Chantal Akerman, whose unexpected death last fall, a few days before her latest (and now last) film, the profound “No Home Movie,” had its U.S. premiere at the New York Film Festival, is survived by a body of extraordinary work, that with its thematic, emotional and formal concerns, changed cinema. In tribute to Akerman, BAMcinématek, Film Forum, Anthology Film Archives and the Museum of the Moving Image have organized simultaneous programs of her films.
BAMcinématek’s series, “Chantal Akerman: Images Between the Images,” a comprehensive retrospective running through Sunday, May 1, opens on Friday, April 1 with the New York theatrical premiere of “No Home Movie.” (The film is also available tomorrow on Fandor.)
Shot mostly in her beloved mother’s apartment (but ranging widely, emotionally and historically), Akerman has described her intimate documentary as, “a film of love, a film about loss, sometimes funny, sometimes terrible. But viewed with an eye that keeps a respectful distance, I think. A film where a transmission occurs, discreetly, almost effortlessly, without pathos, in a kitchen in Brussels.”
A new restoration of “Jeanne Dielman, Quai Du Commerce, 1080 Bruxelles” (1975) Akerman’s terrifying beautiful early masterpiece, starring the incomparable Delphine Seyrig, will open on Friday, May 1 at Film Forum. Marianne Lambert’s documentary, “I Don’t Belong Anywhere: The Cinema of Chantal Akerman,” which portrays her longtime colleague “as a nomad who sought an emotional home that eluded her,” plays through April 5. It screens with a new short film by Vivian Ostrovsky, “But Elsewhere is Always Better,” incorporating decades of her own footage of Akerman. Tickets for Lambert and Ostrovsky’s documentaries are free of charge, available at Film Forum’s box office on a first-come, first-served basis, day of show only.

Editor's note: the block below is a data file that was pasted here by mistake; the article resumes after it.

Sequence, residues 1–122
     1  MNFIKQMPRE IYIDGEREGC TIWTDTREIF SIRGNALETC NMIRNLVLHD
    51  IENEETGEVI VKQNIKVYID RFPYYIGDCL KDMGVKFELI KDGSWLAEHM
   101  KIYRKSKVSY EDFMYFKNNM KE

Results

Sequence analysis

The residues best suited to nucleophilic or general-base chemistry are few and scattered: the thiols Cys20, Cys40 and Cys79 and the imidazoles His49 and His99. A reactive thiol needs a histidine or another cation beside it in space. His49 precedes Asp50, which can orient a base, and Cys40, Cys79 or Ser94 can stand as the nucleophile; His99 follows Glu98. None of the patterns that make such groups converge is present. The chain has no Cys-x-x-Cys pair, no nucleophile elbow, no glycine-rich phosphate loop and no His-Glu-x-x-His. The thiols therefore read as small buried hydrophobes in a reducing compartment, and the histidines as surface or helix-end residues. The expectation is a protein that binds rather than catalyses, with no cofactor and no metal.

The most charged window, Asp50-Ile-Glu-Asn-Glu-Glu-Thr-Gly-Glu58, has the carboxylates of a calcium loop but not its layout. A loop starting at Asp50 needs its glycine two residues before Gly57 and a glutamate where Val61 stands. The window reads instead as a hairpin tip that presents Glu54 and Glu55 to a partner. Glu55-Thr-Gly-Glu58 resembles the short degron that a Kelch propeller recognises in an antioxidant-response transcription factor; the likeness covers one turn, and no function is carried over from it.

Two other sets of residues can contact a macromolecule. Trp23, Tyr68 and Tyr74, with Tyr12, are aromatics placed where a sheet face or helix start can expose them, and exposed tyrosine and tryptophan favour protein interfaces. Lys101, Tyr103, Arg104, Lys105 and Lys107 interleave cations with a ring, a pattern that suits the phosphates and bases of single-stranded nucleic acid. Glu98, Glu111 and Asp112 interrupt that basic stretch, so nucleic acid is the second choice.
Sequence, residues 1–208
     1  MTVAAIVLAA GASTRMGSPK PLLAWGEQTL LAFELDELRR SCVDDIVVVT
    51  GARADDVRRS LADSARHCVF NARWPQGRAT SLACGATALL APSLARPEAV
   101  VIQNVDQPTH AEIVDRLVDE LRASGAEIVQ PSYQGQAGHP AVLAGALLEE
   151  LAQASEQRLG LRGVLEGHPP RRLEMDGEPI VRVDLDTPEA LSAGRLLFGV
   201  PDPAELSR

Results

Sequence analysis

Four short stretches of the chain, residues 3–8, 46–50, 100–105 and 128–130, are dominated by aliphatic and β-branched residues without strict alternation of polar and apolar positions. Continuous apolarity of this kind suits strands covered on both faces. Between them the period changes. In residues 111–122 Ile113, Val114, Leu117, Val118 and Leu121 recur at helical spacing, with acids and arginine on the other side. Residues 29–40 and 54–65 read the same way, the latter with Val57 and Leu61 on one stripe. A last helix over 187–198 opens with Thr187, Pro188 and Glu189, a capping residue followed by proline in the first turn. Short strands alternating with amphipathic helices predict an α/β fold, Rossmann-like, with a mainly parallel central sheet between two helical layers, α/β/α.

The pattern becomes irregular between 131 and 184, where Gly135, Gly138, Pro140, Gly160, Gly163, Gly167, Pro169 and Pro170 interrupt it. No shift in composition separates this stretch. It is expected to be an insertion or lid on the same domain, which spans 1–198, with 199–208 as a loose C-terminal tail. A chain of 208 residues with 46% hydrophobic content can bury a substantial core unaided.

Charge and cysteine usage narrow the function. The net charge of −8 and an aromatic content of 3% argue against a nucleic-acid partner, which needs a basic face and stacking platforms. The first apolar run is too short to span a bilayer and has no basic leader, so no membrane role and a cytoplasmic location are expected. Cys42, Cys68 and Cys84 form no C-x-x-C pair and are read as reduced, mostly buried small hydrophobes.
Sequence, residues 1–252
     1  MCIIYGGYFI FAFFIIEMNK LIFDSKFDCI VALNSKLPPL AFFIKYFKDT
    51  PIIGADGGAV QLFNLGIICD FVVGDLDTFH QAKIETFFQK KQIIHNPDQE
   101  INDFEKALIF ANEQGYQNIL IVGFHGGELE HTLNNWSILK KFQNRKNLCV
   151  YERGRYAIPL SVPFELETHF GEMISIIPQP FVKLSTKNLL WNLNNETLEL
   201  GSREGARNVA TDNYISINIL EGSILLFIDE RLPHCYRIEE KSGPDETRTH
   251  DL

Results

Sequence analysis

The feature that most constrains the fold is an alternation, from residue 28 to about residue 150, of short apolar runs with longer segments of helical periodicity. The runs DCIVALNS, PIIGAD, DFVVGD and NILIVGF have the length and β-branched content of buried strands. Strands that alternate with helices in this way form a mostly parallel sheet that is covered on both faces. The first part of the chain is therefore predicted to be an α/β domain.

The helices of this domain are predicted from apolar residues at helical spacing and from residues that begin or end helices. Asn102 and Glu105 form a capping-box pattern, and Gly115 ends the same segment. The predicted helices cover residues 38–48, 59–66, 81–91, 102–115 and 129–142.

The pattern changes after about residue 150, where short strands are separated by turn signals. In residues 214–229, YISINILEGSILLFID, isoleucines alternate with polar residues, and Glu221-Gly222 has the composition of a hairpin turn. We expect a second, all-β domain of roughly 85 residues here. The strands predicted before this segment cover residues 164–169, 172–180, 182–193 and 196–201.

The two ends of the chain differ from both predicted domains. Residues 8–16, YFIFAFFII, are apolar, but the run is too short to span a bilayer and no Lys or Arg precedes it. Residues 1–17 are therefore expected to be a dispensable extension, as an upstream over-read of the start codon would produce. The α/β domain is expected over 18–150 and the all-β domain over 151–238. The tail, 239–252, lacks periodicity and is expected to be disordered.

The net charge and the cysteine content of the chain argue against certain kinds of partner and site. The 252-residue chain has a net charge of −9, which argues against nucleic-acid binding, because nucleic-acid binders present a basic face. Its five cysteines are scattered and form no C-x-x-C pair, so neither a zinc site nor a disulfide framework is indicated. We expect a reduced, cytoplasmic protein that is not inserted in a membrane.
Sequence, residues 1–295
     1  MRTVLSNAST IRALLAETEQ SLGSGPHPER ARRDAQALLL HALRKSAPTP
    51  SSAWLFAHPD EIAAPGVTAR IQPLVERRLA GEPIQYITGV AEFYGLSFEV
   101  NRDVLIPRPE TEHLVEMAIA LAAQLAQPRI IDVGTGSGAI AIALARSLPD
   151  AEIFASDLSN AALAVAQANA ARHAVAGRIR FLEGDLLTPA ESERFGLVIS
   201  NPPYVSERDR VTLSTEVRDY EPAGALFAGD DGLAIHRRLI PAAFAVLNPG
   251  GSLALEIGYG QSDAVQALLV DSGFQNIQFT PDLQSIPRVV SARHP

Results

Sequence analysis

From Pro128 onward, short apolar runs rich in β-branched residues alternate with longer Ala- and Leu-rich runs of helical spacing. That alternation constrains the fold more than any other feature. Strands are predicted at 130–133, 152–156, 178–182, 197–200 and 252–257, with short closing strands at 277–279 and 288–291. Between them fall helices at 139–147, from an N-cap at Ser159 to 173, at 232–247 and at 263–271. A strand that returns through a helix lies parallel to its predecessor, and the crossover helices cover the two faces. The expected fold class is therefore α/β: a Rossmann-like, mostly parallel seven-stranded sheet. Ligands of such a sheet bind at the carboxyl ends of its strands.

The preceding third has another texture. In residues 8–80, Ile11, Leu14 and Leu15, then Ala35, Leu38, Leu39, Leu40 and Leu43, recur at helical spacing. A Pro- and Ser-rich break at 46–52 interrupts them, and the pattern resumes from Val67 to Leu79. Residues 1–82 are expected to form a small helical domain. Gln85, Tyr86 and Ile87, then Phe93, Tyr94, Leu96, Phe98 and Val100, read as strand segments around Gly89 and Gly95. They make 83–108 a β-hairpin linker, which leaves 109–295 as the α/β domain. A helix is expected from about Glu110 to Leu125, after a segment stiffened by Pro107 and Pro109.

The Museum of the Moving Image is showing “From the East,” a journey from “the end of summer to deepest winter, from East Germany, across Poland and the Baltics, to Moscow, shortly after the collapse of the Soviet bloc, ” on Saturday, April 2 and Sunday, April 3.
“No Home Movie” and in its New York theatrical premiere run, “Là-Bas” (2006), which was filmed predominantly in an apartment where Akerman stayed in Tel Aviv, will be presented at the Anthology Film Archives from Friday, April 15 through Thursday, April 21. Film critic Amy Taubin wrote in Film Comment, “Before, after, and between the narrative feature films…that anchor her status as a world-class filmmaker and one of the most indispensable of her post-Godard generation, Akerman has made some 20 works (films, performances, gallery installations) whose basic form is the letter – sometimes written to her by another, or by her to another, but most often by and to herself…”Là-Bas” is both the most fragile and most powerful of these works.”
In a December 2015 piece (that functions as a eulogy) for the online film journal, Senses of Cinema, Vivian Ostrovsky, included a perfect quote, Akerman describing her work, “When people are enjoying a film they say ‘I didn’t see the time go by’… but I think that when time flies and you don’t see time passing by you are robbed of an hour and a half or two hours of your life. Because all you have in life is time… With my films you’re aware of every second passing through your body.”